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  • Adenosine is an endogenous nucleoside that plays

    2024-05-23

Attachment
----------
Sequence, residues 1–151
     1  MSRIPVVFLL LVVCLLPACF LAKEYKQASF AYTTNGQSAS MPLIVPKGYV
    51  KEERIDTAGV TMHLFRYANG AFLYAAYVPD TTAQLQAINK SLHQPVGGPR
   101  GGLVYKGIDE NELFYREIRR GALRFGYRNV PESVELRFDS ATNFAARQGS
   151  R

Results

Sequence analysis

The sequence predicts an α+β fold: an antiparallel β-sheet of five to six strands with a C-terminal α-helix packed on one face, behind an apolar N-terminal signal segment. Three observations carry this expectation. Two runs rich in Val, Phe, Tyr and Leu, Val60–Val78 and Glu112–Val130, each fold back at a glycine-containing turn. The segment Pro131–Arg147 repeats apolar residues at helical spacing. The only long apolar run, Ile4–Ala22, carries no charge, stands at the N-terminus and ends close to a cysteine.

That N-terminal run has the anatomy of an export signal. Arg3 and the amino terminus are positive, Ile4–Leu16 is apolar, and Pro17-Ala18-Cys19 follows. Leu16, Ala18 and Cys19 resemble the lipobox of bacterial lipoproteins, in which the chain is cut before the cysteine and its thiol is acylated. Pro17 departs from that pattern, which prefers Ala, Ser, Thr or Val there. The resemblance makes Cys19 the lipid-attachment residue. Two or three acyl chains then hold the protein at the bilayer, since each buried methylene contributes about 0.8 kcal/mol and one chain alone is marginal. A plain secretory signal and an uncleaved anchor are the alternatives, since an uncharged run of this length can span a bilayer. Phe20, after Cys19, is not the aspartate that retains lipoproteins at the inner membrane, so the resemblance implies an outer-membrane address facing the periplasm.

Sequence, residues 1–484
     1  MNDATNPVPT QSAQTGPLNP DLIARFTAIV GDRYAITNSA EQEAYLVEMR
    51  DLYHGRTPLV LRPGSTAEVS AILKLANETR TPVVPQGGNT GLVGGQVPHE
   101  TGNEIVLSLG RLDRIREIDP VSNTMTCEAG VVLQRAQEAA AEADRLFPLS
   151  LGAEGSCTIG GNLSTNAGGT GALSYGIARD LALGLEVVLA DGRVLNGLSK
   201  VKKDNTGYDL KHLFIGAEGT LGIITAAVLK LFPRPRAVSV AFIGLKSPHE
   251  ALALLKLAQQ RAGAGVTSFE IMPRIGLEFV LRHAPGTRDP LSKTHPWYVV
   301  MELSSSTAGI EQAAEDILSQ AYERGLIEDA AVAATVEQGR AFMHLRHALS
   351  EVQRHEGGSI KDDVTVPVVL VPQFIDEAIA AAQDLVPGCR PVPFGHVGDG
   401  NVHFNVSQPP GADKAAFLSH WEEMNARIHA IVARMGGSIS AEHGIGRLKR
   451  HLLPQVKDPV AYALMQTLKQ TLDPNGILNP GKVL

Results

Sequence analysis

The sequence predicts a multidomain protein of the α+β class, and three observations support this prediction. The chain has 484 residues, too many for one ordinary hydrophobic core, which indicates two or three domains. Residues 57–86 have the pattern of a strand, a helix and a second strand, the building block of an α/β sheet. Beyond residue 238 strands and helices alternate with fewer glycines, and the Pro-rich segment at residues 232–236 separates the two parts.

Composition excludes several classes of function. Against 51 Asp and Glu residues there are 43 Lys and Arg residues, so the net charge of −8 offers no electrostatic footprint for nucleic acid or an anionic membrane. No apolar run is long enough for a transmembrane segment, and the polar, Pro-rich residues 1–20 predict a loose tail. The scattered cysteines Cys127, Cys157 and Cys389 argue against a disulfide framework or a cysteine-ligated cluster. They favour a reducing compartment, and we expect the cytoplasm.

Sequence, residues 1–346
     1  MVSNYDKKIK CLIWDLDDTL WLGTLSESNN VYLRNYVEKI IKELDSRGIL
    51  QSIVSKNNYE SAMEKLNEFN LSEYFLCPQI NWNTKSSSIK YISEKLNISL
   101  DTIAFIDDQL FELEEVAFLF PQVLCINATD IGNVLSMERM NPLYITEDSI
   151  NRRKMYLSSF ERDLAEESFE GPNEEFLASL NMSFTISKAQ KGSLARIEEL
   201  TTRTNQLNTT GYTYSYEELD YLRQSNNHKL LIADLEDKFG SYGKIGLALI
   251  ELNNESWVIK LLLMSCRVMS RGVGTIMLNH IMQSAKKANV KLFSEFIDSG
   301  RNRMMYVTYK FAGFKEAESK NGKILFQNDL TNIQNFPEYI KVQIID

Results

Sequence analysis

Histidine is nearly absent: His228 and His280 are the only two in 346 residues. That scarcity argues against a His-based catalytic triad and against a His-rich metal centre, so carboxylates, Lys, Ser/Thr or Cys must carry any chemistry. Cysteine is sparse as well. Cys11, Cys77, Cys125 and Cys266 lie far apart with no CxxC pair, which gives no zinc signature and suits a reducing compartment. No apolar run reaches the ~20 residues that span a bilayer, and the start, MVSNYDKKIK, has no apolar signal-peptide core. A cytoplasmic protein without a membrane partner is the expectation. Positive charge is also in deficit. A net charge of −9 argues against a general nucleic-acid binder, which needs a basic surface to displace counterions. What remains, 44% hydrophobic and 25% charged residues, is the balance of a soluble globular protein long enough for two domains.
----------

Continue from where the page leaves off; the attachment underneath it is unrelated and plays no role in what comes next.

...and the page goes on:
Adenosine is an endogenous nucleoside that plays pivotal roles in different physiological and pathophysiological processes by triggering specific cell-surface receptors both in the amc 7 and in the periphery. The adenosine receptors (ARs) are four different subtypes of G protein-coupled receptors (GPCRs) classified as A, A, A and A on the basis of their tissue localization, respective coupling to adenylate cyclase (AC), and specific pharmacological criteria., ARs are widely distributed in the body and are expressed with different density in the various tissues. The classical transduction intracellular pathways associated with AR stimulation are inhibition, via G protein (A and A subtypes), or activation, via G protein (A and A receptors), of adenylate cyclase (AC). More recently, other second messenger systems have been described as relevant for AR signaling., , Due to the widespread distribution of ARs, and to the ubiquity of the natural ligand adenosine, selective modulation of each receptor subtype could be exploited for therapeutic advantages. ARs have recently been recognized as novel and potential drug targets for therapeutic intervention in many pathological conditions such as cardiac and cerebral ischemia, asthma, renal failure, CNS disorders, inflammatory and neurodegenerative diseases. Over the years, many ligands, agonists as well as antagonists, have been identified for the ARs that, in turn, have been extensively characterized. In fact, a large number of selective AR antagonists belonging to different chemical classes have been developed, leading to the identification of several recurring structural features to define the affinity or efficacy of a ligand for the target receptor subtype., Although the considerable number of AR ligands have been discovered and clinically evaluated, only a few have been approved by the FDA. Moreover, some phase I studies were interrupted due to low absorption, short half-life or other correlated limitations., Thus, recent attention has focused on preliminary detection of pharmacokinetic (ADME) properties whose optimization should be pursued together with the improvement of potency., For all these reasons, there is a great deal of interest in the search for new chemical entities (NCEs) using privileged structures as a support approach. In fact, the use of privileged framework in drug discovery has proven to be an effective strategy for the generation of novel leads and optimization processes. The pyridazin-3(2H)-one has been recognized as a privileged structure for the design of novel compounds with potential pharmacological interest. In particular, fruitful medicinal chemistry approaches using this core skeleton have been performed in the field of AR ligands allowing discovery of some NCEs (series –, A)., , Moreover, it is important to mention that the pyridazinone moiety is also present in both agonists and antagonists of ARs as a versatile substituent in critical side chains (series –, B)., , With this in mind, we have embarked on a project focused on the discovery of NCEs that incorporate the pyridazin-3(2H)-one substructure. In the past, we identified the phthalazin-1(2H)-one scaffold as a new decorable core skeleton for the design of potent and selective human (h) AAR antagonists. These studies were a part of a wider research program focused on the development of new potent and selective adenosine receptor ligands belonging to different chemical classes., , , , , , , , , , Recently, our attention has been devoted to the thieno[2,3-]pyridazin-5(4H)-one scaffold that, to our knowledge, has never been functionalized for the design of AR ligands. Moreover, this scaffold seems to be an attractive synthetic building block to perform a wide array of structural modifications, allowing an easy synthesis of potential AR ligands characterized by good yields. Thus, we have started a pilot study to investigate the versatility of the thieno[2,3-]pyridazin-5(4H)-one core as the basis of new compounds binding the ARs. The currently reported thienopyridazinone derivatives (compounds –, C) possess, in addition to a bicyclic core typical of AR ligands, structural similarities with a series of thieno[3,2-]pyrimidines (series , C) reported by Gillespie et al. as A AR antagonists. A partial overlapping of the critical features can be found also for the series of differently anellated thienopyridazinones reported by Ferguson et al. (series , A) as AAR antagonists able to recognize the receptor allosteric site too. The R, R and R positions of the thieno[2,3-]pyridazin-5(4H)-one framework were explored by designing compounds –.